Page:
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Voluntary Labour Corps

The Voluntary Labour Corps (Polish Ochotnicze Hufce Pracy, OHP) is a state-run organisational unit working to prevent the social exclusion of young people. In line with the current Act on Employment Promotion and Labour Market Institutions, the Voluntary Labour Corps is a labour market institution supervised by the Minister of Family, Labour and Social Policy that performs state tasks directed towards teenagers over 15 years of age, and the unemployed under 25 years of age, that include employment services, counteract social marginalization and social exclusion, as well as tasks related to education and upbringing.

Its activities take their inspiration from the legacy of the Youth Labour Brigades established by decree of the President of the Republic of Poland of 22 September 1936. During its long history, this organisation worked relentlessly for young generations of Poles who needed state support to start an independent life and meet the challenges of the modern labour market.

The potential:

To reflect the changing social situation, the OHP continues to transform the format of its activities and organisational structure, enhancing its methods of youth training and education and labour market services. As a result, the OHP demonstrates a potential which makes it capable of undertaking new challenges in active social policy and its aspects relevant to young people. The OHP structures consists 721 organisational units and branches operating throughout Poland.

Depending on the type of activities delivered, these include:

→ 217 shelter and educational units, where young people can supplement their general and vocational education;
→ a network of 504 bodies implementing labour market initiatives, where young people may benefit from vocational counselling and guidance, job matching services, and vocational training and information.

All of these facilities are open institutions which implement the agenda for the local community in cooperation with local self-government authorities, employers, associations, and foundations operating in a given area.

The employees working for OHP are highly qualified; more than 50% of the staff members are young people with several years of work experience, who have received training (also as part of projects co-financed by the EU) at specialist courses in various forms of assistance provided to youth.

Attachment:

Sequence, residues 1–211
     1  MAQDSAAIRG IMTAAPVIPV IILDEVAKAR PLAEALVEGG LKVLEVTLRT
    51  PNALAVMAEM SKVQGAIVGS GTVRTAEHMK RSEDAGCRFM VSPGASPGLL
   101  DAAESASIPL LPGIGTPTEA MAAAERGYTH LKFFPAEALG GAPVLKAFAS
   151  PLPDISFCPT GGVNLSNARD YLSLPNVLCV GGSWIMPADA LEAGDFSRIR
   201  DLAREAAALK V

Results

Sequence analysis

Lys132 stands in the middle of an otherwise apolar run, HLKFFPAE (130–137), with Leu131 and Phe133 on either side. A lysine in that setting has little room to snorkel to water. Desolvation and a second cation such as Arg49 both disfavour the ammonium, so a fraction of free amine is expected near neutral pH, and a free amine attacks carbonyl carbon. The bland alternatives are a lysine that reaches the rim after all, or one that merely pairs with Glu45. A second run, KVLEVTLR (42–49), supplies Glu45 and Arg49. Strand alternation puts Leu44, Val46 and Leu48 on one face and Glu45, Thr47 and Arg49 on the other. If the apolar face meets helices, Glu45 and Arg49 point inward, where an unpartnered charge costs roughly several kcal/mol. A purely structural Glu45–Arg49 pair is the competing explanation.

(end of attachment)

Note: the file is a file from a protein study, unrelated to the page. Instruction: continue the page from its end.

The beneficiaries of the activities delivered by the Voluntary Labour Corps include:

• young people (aged 15 to 17 years) from troubled, dysfunctional, unemployed, and poverty-stricken families who fail to continue compulsory schooling and are not in education, struggle to complete school, and need to acquire vocational qualifications;
•  individuals aged 18-25, including jobseekers or those who wish to be retrained or are unemployed; school graduates, and students.

To address the needs of young people over 15 years of age who are not in learning and have no lower-secondary school education, the Voluntary Labour Corps has teamed up with local self-governments and employers to deliver educational initiatives in non-standard legal formats that enable young people to complete practical, on-the-job training. Participants in OHP courses who benefit from employment and vocational training courses sign individual work contracts on terms and conditions applicable to young workers. Consequently, they benefit from all the social benefits they are eligible for, while the term of their pre-employment vocational training is classified as part of their periods in employment.

In addition, during their stay at OHP facilities, all participants with limited material resources receive free accommodation, board, and 24 hour pastoral care.

Benefiting from its in-house training workshops and long-term cooperation with local employers – businesses and craftsmen – the OHP’s range of pre-employment vocational education is extremely diverse and enables young people to select the occupation of their choice. It also embraces the demand for a specific type of workforce on the local labour market. This approach effectively helps young people to become independent, which is often a major challenge in families with problems, which offer no such support. The OHP units provide young people with vocational training in approx. 60 disciplines.

Every year, over 85% of participants successfully complete education or are promoted to the next grade in spite of previous school failure and several repeated classes, while more than 90% of the young people who complete their vocational training take the qualification exam.

Professional activation and counteracting unemployment:

Being a labour market institution, the Voluntary Labour Corps implements tasks directly related to professional activation, counteracting unemployment and the social marginalisation of youth. Its initiatives include job matching, vocational counselling and information services, workshops promoting active job search, organisation of training seminars, and labour market programmes.

In addition to the above audience in need of special support, beneficiaries of the OHP activities include youth seeking employment, students and school graduates. Every year, labour market services are provided to approx. 700,000 young people, including: